I admit it: I'm a bit of a leadership junkie. I love reading books about leadership, hearing about the newest theories, and studying the techniques of great leaders.
My passion also means that whenever there's a new show on TV about leadership or starting a business, I have to check it out.
One of my new favorites is called The Profit, where successful businessman Marcus Lemonis partners with failing businesses to both bail them out and help them up. It resembles Shark Tank slightly, because Lemonis invests large amounts of money into these businesses. But it's grittier too.
It's not just about the money. It's about turning the business around.
Recently, I watched an episode about a used car dealership that was about $7 million in debt. Lemonis came in and offered the owner several million dollars to start paying down his debt on the condition that he would hand over control to Lemonis.
"I'm going to be 100 percent in charge," is Lemonis's catch phrase, and it fits. He takes the reigns, fixing broken things about the business and implementing better business practices.
Of course, the owner of the company protests at first. After all, it's his business. But what it really comes down to is that the owner had no idea what he's doing and Lemonis does. This is a repeating theme of the show.
In this case, the owner of the dealership had invested a good portion of his money in big screen TVs for the waiting room and an arcade in one corner. On the lot he had about 20 cars for sale—all unique, all luxury, all overpriced. So when customers would come in looking for a car, every one of them would walk away empty-handed because the selection was sparse and the cars were too expensive.
When Lemonis took over the dealership, he really took it over.
He completely remodeled the showroom, filling empty space with car parts and accessories, making every inch of the expansive building profitable. He sold off the few high-priced luxury cars the owner had on the lot and replaced them with a whole fleet of more moderately priced vehicles that would actually sell. He even changed the name of the business to attract customers who had come and left empty handed—showing them that it was "a new day" for the dealership.
For someone who is $7 million in debt, this sounds like a great situation: money, expertise, and help; it sounds like an answered prayer to me.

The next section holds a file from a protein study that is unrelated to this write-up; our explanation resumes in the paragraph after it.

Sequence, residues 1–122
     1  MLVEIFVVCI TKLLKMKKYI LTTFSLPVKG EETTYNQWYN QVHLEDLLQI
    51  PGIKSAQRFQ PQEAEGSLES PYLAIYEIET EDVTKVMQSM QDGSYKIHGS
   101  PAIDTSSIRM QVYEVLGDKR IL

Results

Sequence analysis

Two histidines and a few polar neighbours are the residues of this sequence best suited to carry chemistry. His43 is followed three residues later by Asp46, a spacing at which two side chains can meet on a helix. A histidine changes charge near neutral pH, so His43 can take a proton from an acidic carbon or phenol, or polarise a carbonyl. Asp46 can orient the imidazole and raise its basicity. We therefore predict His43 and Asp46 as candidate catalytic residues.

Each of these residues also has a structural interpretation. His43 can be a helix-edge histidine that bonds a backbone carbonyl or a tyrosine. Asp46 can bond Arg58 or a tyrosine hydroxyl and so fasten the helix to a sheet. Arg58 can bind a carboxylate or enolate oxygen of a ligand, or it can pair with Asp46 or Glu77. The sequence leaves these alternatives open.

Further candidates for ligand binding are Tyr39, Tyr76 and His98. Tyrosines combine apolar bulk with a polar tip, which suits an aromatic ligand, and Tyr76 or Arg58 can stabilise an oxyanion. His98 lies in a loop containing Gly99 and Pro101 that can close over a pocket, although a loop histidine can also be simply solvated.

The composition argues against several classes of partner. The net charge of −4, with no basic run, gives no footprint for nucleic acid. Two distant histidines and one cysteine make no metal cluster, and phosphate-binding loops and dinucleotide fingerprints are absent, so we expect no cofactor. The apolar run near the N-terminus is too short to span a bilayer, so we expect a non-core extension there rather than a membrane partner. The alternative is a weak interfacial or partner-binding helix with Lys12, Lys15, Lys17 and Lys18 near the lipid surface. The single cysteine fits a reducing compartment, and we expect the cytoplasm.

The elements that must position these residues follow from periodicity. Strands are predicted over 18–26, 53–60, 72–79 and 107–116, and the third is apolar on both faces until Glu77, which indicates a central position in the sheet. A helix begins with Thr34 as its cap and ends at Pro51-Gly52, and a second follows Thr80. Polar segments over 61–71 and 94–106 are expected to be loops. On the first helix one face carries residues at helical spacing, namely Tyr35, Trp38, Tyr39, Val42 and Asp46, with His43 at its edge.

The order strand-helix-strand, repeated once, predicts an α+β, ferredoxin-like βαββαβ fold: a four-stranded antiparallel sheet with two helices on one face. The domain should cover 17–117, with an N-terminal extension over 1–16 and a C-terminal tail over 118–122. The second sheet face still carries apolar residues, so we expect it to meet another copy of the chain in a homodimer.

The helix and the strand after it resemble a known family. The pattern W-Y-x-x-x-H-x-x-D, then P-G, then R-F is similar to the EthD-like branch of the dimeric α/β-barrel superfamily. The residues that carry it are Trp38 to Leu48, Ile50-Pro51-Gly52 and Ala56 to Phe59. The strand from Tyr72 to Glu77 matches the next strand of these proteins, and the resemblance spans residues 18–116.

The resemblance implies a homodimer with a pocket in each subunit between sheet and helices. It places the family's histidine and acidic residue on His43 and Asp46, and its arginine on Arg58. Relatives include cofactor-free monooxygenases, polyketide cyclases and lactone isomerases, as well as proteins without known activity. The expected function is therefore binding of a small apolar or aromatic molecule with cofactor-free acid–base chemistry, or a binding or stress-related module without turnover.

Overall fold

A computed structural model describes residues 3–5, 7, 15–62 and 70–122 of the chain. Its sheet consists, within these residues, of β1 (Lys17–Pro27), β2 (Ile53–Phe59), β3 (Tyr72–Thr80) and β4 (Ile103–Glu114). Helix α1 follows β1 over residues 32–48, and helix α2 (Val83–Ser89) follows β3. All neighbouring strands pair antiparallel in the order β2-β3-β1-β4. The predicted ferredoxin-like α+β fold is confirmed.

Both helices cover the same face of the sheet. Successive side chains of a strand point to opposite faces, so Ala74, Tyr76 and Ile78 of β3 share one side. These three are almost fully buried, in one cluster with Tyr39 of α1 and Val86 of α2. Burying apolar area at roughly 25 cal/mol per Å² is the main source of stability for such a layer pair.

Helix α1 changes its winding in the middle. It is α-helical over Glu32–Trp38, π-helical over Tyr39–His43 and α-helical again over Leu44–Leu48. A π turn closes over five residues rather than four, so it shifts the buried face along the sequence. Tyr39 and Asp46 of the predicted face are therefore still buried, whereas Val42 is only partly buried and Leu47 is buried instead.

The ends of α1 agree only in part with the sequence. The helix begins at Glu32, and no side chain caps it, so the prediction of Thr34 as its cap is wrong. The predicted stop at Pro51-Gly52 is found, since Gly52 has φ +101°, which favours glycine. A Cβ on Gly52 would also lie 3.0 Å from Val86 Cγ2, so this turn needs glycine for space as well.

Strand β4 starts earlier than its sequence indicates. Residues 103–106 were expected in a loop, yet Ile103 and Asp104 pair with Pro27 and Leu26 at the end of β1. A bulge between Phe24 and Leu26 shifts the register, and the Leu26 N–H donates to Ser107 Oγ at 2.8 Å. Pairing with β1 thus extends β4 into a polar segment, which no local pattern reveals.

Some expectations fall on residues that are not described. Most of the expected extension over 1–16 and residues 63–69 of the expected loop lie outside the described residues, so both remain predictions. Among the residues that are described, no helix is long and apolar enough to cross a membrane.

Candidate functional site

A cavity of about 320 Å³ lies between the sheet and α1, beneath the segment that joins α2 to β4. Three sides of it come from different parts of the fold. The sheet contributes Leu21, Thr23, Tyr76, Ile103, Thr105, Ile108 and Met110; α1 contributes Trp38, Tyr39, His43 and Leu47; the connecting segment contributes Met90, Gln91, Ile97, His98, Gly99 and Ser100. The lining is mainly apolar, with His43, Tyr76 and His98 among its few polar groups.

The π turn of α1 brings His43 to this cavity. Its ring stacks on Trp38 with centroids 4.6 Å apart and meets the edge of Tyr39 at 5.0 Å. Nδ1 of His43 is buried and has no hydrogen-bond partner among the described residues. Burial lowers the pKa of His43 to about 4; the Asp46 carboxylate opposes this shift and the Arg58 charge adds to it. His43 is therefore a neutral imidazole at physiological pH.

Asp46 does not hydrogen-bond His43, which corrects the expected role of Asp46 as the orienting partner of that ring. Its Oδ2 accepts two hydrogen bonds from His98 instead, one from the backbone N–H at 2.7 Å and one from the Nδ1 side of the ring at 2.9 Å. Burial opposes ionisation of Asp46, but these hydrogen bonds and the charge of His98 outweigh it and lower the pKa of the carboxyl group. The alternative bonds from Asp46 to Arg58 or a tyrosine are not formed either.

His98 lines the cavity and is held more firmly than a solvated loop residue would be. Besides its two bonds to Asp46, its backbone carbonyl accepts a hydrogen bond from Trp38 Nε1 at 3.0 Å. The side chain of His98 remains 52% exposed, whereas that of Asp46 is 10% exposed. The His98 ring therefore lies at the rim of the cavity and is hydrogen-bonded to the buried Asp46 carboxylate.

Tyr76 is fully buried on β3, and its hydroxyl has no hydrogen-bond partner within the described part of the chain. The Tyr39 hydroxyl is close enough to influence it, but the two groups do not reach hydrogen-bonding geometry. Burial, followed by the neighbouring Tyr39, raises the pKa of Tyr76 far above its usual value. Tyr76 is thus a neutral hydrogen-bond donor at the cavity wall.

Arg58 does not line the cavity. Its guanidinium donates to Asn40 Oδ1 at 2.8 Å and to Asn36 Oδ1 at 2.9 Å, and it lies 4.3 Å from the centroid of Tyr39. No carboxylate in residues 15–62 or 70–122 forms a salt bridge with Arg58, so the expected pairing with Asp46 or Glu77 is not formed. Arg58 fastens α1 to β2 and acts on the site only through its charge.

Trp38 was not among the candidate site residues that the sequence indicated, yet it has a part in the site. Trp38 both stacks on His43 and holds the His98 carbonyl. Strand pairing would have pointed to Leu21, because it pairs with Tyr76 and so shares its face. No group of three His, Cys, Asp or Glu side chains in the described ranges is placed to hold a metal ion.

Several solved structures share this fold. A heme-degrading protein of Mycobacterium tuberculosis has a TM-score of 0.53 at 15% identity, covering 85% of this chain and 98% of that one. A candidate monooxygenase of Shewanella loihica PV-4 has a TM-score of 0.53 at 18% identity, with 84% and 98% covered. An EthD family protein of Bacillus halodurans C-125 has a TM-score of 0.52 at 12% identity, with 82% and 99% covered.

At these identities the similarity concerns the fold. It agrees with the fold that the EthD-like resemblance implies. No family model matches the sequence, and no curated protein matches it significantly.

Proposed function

But that was not the owner's reaction. In fact, it rarely is.
The common thread among the business owners on the show is that they're all stubborn and prideful to a fault. They have a way of doing things they think is best and even when the numbers are a flashing sign that their plan doesn't work, they refuse to change their ways.
As the viewer, it's infuriating. Even when the owner was $7 million in debt, and even when he had a billionaire investor there to help him turn things around, he fought it because he refused to believe he could be wrong.
It seems ridiculous as you're watching it. I find myself pleading with the television as if the guy can hear me. "Are you kidding? Do what he says!"
Yet when I take the time to reflect on my own behavior, I see some of the same themes.
Leaders are leaders because they have an idea of where they want to go.
They see a problem and a way of solving it, and they run after it with all of their time, money, energy and passion. We need leaders like this—we need people who care enough to make changes, to start something new, and to take a risk. The problem comes when leaders aren't willing to adapt their course.
The truth is that being a leader doesn't mean you know more than everyone else. Being a leader doesn't mean you always know the right answer or are able to do things all on your own. The best leaders don't operate this way.
Instead, the best leaders bring a team of people around them. They have a group of confidants, advisors and people who are strong in areas where they're weak.
This is what these business owners are lacking.
They're lacking the courage to admit they don't know everything and the wisdom to bring a team around them, heeding their advice.
Admitting we can't do everything is hard on our pride, but our pride was never something to hold on to in the first place. We need a team around us helping us, guiding us, and we need to actually listen to them.
But most of all, we need to be willing to admit we don't know everything—to listen and learn from people who are able to help.
Humility can be a hard pill to swallow as a leader, but it's worth the discomfort. Because when we let go of our pride, we can take hold of so much more.
With more than a dozen years of local-church ministry, Justin Lathrop has spent the last several years starting businesses and ministries that partner with pastors and churches to advance the kingdom. He is the founder of Helpstaff.me (now Vanderbloemen Search), Oaks School of Leadership and MinistryCoach.tv, all while staying involved in the local church.
For the original article, visit justinlathrop.com.
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